Washington State Passes Law to Address Missing and Murdered Indigenous WomenTweet
“When we address our epidemic of Missing Native Women, this will open the doors to address our Missing Native Men and Two-spirited People, as well as our Missing non-Indigenous Nations. This is the beginning of helping our Washington State families heal. Hopefully other states will follow.” ~Earth-Feather Sovereign
The Washington State legislature has passed a first of its kind bill aimed at addressing the issue of Missing and Murdered Indigenous Women.
HB 2951 “directs the Washington State Patrol to work with tribes, local law enforcement and the Department of Justice. The goal is to understand how to increase resources for reporting and identifying missing Native American women.”
The bill states:
The legislature finds that Native American women experience violence at much higher rates than other populations. A recent federal study reported that Native American women face murder rates over ten times the national average. However, many of these crimes often are unsolved and even unreported because there are also very high rates of disappearances among Native American women. Furthermore, there is no comprehensive data collection system for reporting or tracking missing Native American women. This gap in reporting and investigation places Native American women even more vulnerable to violence.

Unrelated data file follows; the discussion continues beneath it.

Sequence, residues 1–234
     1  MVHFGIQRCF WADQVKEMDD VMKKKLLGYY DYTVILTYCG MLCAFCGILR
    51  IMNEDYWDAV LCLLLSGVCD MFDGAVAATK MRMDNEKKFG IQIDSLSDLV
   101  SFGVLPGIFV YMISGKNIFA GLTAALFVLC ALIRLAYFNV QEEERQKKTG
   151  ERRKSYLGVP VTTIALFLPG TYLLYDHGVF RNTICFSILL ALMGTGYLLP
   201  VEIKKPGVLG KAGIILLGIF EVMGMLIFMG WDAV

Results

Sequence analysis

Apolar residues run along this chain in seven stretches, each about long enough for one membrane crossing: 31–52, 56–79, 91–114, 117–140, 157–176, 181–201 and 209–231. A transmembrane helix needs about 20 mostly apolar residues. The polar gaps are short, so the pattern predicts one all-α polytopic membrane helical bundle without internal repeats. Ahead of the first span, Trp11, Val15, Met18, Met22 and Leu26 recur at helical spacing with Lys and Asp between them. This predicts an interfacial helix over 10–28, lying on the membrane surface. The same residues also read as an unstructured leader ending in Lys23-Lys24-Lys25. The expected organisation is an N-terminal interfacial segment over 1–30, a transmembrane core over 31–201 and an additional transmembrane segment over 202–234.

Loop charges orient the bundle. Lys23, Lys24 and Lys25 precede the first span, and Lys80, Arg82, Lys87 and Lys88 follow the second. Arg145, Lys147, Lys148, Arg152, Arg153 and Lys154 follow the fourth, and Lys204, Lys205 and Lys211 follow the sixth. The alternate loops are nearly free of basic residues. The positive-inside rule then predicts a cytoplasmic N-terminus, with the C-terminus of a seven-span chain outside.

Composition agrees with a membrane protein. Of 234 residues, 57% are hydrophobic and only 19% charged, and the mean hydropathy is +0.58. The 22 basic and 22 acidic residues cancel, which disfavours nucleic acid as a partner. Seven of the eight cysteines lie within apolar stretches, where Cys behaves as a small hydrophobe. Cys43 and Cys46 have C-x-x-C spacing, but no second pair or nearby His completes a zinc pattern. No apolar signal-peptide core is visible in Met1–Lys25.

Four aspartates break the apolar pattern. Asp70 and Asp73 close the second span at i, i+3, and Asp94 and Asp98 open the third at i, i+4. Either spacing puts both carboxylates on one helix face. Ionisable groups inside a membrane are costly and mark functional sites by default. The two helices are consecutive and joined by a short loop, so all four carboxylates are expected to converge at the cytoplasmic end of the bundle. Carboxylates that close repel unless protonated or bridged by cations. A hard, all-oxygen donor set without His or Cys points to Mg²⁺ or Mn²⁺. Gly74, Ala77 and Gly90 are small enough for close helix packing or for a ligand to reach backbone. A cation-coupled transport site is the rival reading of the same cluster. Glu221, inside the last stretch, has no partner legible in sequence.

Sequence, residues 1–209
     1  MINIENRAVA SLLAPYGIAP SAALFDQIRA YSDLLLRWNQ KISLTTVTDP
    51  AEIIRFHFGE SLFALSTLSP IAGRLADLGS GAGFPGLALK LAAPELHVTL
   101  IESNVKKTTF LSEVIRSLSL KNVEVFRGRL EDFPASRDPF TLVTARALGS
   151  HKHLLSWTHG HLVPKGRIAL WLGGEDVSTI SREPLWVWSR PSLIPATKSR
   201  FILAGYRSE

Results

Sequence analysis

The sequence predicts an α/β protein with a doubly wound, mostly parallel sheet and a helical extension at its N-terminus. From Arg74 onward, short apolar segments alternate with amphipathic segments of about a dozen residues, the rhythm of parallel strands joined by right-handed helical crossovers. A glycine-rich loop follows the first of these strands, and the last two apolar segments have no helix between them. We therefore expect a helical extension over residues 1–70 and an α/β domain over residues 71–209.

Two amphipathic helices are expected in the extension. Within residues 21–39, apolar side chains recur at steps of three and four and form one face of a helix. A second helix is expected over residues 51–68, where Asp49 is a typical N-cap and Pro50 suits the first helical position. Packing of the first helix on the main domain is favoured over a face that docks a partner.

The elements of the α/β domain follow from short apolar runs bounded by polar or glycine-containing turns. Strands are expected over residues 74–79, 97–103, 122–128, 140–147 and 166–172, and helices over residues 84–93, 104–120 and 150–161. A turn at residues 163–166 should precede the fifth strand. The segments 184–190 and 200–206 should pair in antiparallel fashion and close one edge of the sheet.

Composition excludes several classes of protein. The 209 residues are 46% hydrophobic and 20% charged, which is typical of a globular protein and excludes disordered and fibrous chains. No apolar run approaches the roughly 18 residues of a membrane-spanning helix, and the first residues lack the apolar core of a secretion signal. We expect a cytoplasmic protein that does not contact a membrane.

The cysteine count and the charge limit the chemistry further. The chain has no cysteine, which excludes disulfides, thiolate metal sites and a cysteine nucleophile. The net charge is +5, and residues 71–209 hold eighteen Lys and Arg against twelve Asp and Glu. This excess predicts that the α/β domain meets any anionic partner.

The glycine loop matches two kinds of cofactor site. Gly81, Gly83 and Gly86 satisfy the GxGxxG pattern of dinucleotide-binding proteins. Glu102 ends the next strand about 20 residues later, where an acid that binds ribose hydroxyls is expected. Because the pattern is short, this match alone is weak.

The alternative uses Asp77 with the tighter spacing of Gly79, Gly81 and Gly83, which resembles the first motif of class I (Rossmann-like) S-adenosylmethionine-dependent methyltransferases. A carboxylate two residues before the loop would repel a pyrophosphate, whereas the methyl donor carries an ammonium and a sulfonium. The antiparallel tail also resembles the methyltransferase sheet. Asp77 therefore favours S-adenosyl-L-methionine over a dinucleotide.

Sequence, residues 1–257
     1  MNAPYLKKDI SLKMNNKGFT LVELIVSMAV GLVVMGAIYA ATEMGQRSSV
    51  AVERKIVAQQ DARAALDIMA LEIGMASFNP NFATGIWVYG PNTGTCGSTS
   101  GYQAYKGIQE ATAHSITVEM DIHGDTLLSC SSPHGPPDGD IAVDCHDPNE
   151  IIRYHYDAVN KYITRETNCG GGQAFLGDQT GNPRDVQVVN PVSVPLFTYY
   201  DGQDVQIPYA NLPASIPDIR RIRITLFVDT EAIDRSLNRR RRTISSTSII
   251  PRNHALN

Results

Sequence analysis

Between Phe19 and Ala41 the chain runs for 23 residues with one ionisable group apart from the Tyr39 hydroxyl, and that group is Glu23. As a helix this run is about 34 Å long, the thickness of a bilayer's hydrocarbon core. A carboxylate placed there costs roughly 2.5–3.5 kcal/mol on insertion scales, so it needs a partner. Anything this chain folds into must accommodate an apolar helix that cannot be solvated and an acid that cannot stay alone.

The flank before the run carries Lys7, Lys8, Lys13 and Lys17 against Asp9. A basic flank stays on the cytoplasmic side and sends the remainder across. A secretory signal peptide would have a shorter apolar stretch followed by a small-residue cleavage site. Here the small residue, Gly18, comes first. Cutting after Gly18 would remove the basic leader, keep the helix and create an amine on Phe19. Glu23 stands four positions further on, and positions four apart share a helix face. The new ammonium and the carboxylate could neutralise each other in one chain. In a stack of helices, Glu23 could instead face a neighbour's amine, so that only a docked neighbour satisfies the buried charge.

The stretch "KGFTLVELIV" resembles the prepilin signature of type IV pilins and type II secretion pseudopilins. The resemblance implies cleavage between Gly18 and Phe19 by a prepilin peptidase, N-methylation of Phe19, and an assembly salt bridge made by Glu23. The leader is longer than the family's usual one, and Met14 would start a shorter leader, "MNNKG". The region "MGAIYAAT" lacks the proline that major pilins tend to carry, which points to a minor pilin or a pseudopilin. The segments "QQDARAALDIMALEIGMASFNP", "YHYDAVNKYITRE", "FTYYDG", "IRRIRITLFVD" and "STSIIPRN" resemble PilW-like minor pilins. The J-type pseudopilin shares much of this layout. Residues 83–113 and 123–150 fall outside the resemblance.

The legislature further finds that although violence against Native American women has been a neglected issue in society, there is a growing awareness of this crisis of violence against Native American women, and a recognition of the need for the criminal justice system to better serve and protect Native American women. The legislature intends to find ways to connect state, tribal, and federal resources to create partnerships in finding ways to solve this crisis facing Native American women in our state.
The state patrol must work with the governor’s office of Indian affairs to convene meetings with tribal and local law enforcement partners, federally recognized tribes, and urban Indian organizations to determine the scope of the problem, identify barriers, and find ways to create partnerships to increase reporting and investigation of missing Native American women. Consultation and collaboration with federally recognized tribes must be conducted in respect for government-to-government relations.
According to Northwest Public Broadcasting, “Supporters of the new law say Native American women are victims of homicide at rates many times the national average. And they have high rates of disappearances. But the exact numbers aren’t known because there is no comprehensive reporting system.”
On May 5th a MMIW walk will be held starting at the Peace Arch on the Canadian border to Olympia, WA.
by Wakíƞyaƞ Waánataƞ (Matt Remle- Lakota)
Matt Remle (Lakota) is an editor and writer for Last Real Indians and LRInspire and the co-founder of Mazaska Talks. Follow @wakiyan7